I make mistakes when it comes to training (not many, hehe!)
The problem with using negative methods is that it has side effects. If you have a shock collar on your dog and your timing is wrong, your dog is going to get confused. If the stimulation from the collar is high it could negatively affect the dog.
A prong collar overused in a group obedience class will almost always result in dog aggression.
So we do have to be EXTREMELY careful when using any form of negative consequence.
BUT – it does NOT mean that we can never use any form of negative in training.
Here is a simple formula to remember. If you want your dog to learn something: sit, down, come, stay, etc. use positive consequences. Loads and loads of positive consequences.
If you want your dog to STOP doing a behavior, learn how to associate the behavior with a negative consequence but this does come with one MAJOR caveat:
The negative consequence should not be associated with you. It should be associated with the behavior.
Positive consequences should be associated with you. All good stuff comes from you which will build trust and confidence and your dog will do great with obedience.
All negative consequences should be associated with the behavior.
I show many different ways on how this can be done on The Good K9 Manners Course. If you want your dog to STOP jumping, barking, chewing and more head on over here NEXT:
September 13th, 2012
By Eric Letendre
I LOVE football.
And Sunday was a great day to watch football. The Patriots looked fantastic and The Giants lost on Wednesday night – all is right with the world again (for now).
Sports are a funny thing. I know a lot of guys that have rituals and do funny things before, during and after a sports event.
My brother actually made his wife leave the room during a Red Sox play-off game because they started to lose when she walked in.
This is called Superstitious Behavior.
It is EXTREMELY common in with we humans and dogs also definitely develop superstitious behavior.
Look at all the superstitious behaviors we develop. Crossing our fingers, not walking under ladders, being very careful with mirrors, avoiding black cats, the list goes on and on.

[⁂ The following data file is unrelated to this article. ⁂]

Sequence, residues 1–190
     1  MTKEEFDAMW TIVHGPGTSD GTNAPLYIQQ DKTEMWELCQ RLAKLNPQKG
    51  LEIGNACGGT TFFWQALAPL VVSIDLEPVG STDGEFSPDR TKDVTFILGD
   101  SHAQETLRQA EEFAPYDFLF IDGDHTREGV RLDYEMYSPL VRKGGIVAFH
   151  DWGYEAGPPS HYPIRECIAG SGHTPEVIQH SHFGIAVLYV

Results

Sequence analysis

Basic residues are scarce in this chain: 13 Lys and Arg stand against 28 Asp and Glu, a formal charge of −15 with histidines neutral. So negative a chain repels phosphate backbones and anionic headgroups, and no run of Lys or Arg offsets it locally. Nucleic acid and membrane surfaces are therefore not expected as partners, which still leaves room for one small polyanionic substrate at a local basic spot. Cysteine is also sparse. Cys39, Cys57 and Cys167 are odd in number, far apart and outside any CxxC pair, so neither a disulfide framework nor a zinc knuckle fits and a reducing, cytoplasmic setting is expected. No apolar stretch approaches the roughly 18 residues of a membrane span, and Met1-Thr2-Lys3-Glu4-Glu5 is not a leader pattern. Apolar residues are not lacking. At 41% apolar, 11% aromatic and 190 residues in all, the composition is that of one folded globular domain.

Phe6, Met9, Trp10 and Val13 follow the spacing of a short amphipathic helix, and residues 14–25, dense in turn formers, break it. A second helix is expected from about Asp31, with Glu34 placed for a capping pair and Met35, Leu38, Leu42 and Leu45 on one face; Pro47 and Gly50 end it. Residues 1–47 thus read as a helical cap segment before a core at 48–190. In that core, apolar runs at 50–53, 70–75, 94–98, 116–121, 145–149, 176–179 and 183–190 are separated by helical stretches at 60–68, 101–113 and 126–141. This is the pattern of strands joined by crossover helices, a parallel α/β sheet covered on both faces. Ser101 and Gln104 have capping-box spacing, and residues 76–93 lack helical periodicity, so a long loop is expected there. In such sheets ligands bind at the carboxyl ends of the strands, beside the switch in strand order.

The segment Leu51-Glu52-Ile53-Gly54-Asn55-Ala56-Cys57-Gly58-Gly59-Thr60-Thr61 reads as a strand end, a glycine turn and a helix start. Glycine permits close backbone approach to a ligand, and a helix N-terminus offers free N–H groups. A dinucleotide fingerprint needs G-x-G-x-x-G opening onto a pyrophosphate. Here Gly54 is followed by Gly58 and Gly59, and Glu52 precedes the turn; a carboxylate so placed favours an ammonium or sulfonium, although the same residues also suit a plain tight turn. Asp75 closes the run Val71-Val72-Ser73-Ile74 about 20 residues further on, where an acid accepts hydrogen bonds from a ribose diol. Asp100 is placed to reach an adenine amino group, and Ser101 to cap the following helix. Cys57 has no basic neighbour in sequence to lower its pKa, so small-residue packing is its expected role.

Dogs and other animals develop superstitious behaviors when they are inadvertently reinforced for a certain behavior.
I once worked with a dog that would raise his paw before doing the sit command. When the owner was teaching the dog to sit, he raised his paw first and then sat. This became part of the command for the dog.
It also works the other way. I have also worked with a dog that was afraid to drink from his water bowl. The dog was about to drink when someone in the house had accidently stepped on his tail.
It all has to do with associations and timing.
When training a dog, it is very easy to make accidental associations and the way to overcome it is to get good with your timing.
One of the best ways to improve your timing and your training is by using a clicker.
Clickers will improve your timing better than anything else you can do. The problem with clickers is that many dog owners are confused by them.
Once you start using a clicker you’ll be amazed with how fast your dog learns.
All the best,
P.S. I look at clickers as a another “tool” to use when you are training your dog. Some people love using them and others are confused by them. It’s the reason I break down exactly how to use them in The Dog Training Inner Circle.
You can learn how to use them here:
August 27th, 2012
By Eric Letendre
Today I decided to do a little Q & A.
I get sometimes get between 300 and 500 emails a day so it is impossible to answer them all.
Here’s a question I recently got:
“MY dog loves to beg and it has become embarrassing whenever I have guests over for dinner. I love to entertain but I haven’t recently because my dog will paw, whine and beg for food when we sit at the table. Can this be stopped?”
My answer: YES! This is a very easy behavior to stop and I am going to share with you how it is done.
Two things need to happen:
1. Everyone in the house has to be consistent. Dogs usually learn to beg from one or two people that feed from the table.
2. Turn the consequences around.
Let’s begin – Instruct family and guests that no one is to feed the dog from the table. You can’t get mad at a dog that is being rewarded for begging. This is a learned behavior and in order for it to stop, everyone has to agree to stop feeding from the table.
Next – dogs learn to beg because it is a POSITIVE consequence. They beg and someone hands them a yummy piece of chicken or steak. Dogs beg because it works.
The next time the dog begs, the food being handed to the dog should NOT be tasty. It should be something the dog really dislikes.
Think about it from the dog’s point of view. Imagine you’re the dog and someone hands you a tasty morsel from the table, not the boring, crunchy, dry food that you eat every day. Of course you would repeat this behavior every chance you got.
Now I want you to think of the food you HATE the most – liver, broccoli, kale? Now imagine the food you hate is handed to you from the table. You are not going to repeat the behavior.
It’s as simple as that and I show real life examples of how to do this and the EXACT “mixture” I use to stop this behavior forever.
Check it out here: